Driving the point home

When a person turns 70 in California, they need to show up at the DMV the next time their license comes up for renewal. They also need to take the handbook test. One of those is easier than the other. Not that you’d guess that from the DMV site:

I call bullshit on that. Apparently, 40 percent of people fail the first time. Including yours truly—and this was after I’d read through the handbook carefully, since sure, rules change and being an experienced driver doesn’t ensure that all the rules of the road stay in the mind. And if you fail three times, you have to reapply—at a cost of an additional $41. I wonder how many people driving without a license are doing so because they couldn’t afford the repeated testing?

Part of the failure rate is that the people who compile the tests just love to ask questions about specific distances, even though most of us couldn’t tell you just how many feet away that marker down the road is—


I took my test, received my failure, and went home to memorize the damned book. I read it aloud. I marked the kinds of things they were sure to ask, and read those sections aloud again.

And I will admit that I learned a few things. Such as—

And it was good to have a reminder that—

Although there were loads of things that, though they’re obvious to any responsible adult, it surprises me that they actually have a rule, such as—

You must not smoke when a minor is in the vehicle. You could be fined.

Frankly, there were loads of things that could have been covered more succinctly by merely stating:

Do not drive like an idiot.

Some of the illustrations took a fair amount of puzzling over, even if you were familiar with driving through a roundabout or having bicycles on the road with you.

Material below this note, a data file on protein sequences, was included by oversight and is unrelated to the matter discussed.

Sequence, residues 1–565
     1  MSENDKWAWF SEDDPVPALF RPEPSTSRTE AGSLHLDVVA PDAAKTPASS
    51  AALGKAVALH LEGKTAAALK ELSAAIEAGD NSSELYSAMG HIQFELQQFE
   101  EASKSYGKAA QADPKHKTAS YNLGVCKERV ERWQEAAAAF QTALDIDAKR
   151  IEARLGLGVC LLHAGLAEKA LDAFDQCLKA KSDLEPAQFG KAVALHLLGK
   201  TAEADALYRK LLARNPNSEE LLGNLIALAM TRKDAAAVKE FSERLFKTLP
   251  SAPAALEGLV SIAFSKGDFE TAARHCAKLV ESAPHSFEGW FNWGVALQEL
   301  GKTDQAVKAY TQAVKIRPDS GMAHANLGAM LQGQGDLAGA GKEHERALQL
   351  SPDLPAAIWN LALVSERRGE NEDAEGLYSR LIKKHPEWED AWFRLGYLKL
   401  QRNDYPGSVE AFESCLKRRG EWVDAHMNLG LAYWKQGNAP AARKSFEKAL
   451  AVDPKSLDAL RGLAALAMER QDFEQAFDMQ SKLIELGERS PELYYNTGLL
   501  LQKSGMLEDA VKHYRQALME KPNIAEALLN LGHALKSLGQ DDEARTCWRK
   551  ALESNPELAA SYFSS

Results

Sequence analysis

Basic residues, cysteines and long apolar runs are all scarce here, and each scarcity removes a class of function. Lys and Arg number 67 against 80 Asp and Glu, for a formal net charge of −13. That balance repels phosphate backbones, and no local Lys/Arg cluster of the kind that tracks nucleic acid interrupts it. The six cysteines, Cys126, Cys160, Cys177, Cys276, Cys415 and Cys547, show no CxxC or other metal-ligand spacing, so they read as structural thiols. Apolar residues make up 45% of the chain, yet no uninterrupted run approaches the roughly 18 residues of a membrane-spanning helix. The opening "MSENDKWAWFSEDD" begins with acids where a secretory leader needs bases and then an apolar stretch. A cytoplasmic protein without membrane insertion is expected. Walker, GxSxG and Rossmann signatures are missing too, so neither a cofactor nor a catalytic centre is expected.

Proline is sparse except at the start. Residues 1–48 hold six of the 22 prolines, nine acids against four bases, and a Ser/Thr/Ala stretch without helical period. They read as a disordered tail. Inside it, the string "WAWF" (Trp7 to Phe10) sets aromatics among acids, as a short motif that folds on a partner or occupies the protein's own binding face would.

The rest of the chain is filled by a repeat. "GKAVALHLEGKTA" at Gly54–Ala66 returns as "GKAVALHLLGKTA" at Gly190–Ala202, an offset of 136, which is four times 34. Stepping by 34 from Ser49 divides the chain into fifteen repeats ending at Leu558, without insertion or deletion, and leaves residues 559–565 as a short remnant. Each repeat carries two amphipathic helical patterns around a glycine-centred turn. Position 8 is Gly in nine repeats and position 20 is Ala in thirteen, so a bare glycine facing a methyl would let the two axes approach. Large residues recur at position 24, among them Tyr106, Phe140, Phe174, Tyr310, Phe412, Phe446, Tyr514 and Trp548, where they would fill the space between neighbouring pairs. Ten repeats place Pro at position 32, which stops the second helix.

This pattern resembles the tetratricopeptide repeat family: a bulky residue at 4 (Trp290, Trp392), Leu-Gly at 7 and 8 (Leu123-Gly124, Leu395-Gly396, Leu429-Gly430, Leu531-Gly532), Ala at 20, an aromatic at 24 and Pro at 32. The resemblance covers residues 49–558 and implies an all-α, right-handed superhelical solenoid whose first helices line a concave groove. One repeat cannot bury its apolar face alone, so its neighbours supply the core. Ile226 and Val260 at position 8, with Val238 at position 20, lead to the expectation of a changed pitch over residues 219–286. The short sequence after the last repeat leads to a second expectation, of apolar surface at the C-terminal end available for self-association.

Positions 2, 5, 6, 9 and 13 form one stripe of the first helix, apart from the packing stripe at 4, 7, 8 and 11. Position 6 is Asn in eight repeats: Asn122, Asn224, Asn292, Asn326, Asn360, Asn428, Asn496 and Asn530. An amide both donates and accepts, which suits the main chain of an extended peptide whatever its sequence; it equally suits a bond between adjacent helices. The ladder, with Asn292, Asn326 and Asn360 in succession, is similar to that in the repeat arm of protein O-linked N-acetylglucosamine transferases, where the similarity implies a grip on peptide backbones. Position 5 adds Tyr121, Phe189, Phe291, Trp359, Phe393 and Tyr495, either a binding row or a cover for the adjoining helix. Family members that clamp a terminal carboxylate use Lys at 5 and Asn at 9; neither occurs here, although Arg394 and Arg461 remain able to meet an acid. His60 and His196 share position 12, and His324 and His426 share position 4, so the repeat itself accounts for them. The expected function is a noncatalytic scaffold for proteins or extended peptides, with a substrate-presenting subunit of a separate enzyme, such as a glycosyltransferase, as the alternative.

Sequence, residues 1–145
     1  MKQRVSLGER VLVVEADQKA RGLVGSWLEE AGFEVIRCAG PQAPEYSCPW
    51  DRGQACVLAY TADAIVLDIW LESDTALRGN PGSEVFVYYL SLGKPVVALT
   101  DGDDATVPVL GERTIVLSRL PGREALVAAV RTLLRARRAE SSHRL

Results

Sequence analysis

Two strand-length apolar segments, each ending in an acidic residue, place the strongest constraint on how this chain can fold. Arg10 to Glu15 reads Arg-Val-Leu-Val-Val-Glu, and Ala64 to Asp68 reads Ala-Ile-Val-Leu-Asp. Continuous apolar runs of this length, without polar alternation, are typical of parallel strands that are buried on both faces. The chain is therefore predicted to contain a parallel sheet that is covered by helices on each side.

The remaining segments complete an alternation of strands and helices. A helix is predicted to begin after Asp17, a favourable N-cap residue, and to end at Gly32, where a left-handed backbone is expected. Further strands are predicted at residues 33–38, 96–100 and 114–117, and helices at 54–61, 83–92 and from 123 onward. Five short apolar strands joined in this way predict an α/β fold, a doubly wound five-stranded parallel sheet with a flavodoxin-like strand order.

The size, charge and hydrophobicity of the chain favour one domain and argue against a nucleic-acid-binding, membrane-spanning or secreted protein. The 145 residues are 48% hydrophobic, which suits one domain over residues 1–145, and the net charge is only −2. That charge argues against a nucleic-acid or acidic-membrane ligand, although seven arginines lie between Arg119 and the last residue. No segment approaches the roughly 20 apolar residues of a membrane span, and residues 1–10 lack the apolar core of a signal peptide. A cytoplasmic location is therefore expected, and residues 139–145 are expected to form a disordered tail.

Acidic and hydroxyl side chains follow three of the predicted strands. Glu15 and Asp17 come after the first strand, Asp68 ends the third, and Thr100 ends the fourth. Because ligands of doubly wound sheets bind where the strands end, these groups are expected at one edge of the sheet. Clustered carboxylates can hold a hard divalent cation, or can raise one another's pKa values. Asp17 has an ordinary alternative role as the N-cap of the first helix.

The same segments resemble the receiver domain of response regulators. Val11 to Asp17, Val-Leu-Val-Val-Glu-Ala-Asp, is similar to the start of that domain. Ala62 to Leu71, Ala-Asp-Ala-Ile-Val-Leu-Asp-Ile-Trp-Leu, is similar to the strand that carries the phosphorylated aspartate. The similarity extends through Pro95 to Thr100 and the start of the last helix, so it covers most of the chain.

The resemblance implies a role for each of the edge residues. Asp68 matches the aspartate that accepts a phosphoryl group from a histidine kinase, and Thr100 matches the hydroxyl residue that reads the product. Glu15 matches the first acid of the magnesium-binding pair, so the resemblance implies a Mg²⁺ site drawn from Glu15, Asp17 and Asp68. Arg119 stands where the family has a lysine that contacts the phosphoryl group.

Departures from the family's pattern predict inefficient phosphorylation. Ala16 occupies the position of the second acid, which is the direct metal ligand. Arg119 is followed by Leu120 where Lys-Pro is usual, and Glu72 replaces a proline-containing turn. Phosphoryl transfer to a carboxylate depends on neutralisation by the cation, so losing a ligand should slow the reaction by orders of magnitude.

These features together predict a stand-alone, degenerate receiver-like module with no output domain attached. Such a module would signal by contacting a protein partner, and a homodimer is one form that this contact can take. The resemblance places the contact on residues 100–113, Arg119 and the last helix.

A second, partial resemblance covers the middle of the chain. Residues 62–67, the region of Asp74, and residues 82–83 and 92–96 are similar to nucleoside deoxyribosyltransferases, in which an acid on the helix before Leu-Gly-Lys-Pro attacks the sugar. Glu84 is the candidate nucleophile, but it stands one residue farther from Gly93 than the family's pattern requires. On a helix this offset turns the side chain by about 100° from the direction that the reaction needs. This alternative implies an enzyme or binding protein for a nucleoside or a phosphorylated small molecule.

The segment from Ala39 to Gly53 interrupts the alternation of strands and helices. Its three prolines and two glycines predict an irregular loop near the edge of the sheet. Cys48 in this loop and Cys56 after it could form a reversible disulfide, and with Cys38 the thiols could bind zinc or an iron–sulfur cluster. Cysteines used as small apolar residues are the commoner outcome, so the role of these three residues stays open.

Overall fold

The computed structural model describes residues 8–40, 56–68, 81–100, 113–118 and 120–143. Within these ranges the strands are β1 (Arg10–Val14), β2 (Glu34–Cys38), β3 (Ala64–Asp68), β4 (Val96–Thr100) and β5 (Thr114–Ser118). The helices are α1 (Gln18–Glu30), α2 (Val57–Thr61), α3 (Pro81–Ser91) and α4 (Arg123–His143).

But other things, well, whoever wrote this section of the handbook is just plain wrong:

Turn on your lights 30 minutes AFTER sunset?  And BEFORE sunrise? Wouldn’t that render most cars completely invisible until they’re right on top of you?

But it’s the plethora of precise punishments that I had to commit to memory—








However, I noted what they said, tried to memorize the difference between the punishment for one crime and that for another (fine, bigger fine, fine plus jail, or man you’ve truly screwed up and you’re going to prison.)

Also, it occurred to me, somewhat belatedly, that there is a difference between 911, the DMV, and law enforcement. Which, yes, makes sense, and might even be obvious, but I don’t think it’s quite so apparent as the DMV appears to think. Perhaps they might have noted there, along with the other too-obvious-to-bother-saying notes, that reporting something to the police does not mean you have told the Department of Motor Vehicles.

The second time through, I passed. Rest safe, America, knowing that Laurie King is behind the wheel, and knows where she can, and cannot, do a U-turn.

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  1. Diane Kazan on October 1, 2023 at 7:33 pm

    Just turned 70, I woŕy about the macho guys in the big pickups than my demographic!

    • Laurie King on October 3, 2023 at 12:01 pm

      Me too!

  2. Christine C on October 1, 2023 at 7:55 pm

    Yikes! I don’t think I have had to take a Rules of the Road test since I got my motorcycle license 44 years ago. It has been long expired.

    I will have to take a road test when I turn 75. I really don’t object to this. I knew it was time to investigate assisted living for my in-laws when they called to ask how to turn on the defroster and heater in their car.

    I hope that when the time comes, I will know when it is right for me to give up driving.

    My biggest worry these days isn’t older drivers, but all the people on their phones!

    • Laurie King on October 3, 2023 at 12:02 pm

      Though to be fair, some cars do hide the controls in odd places…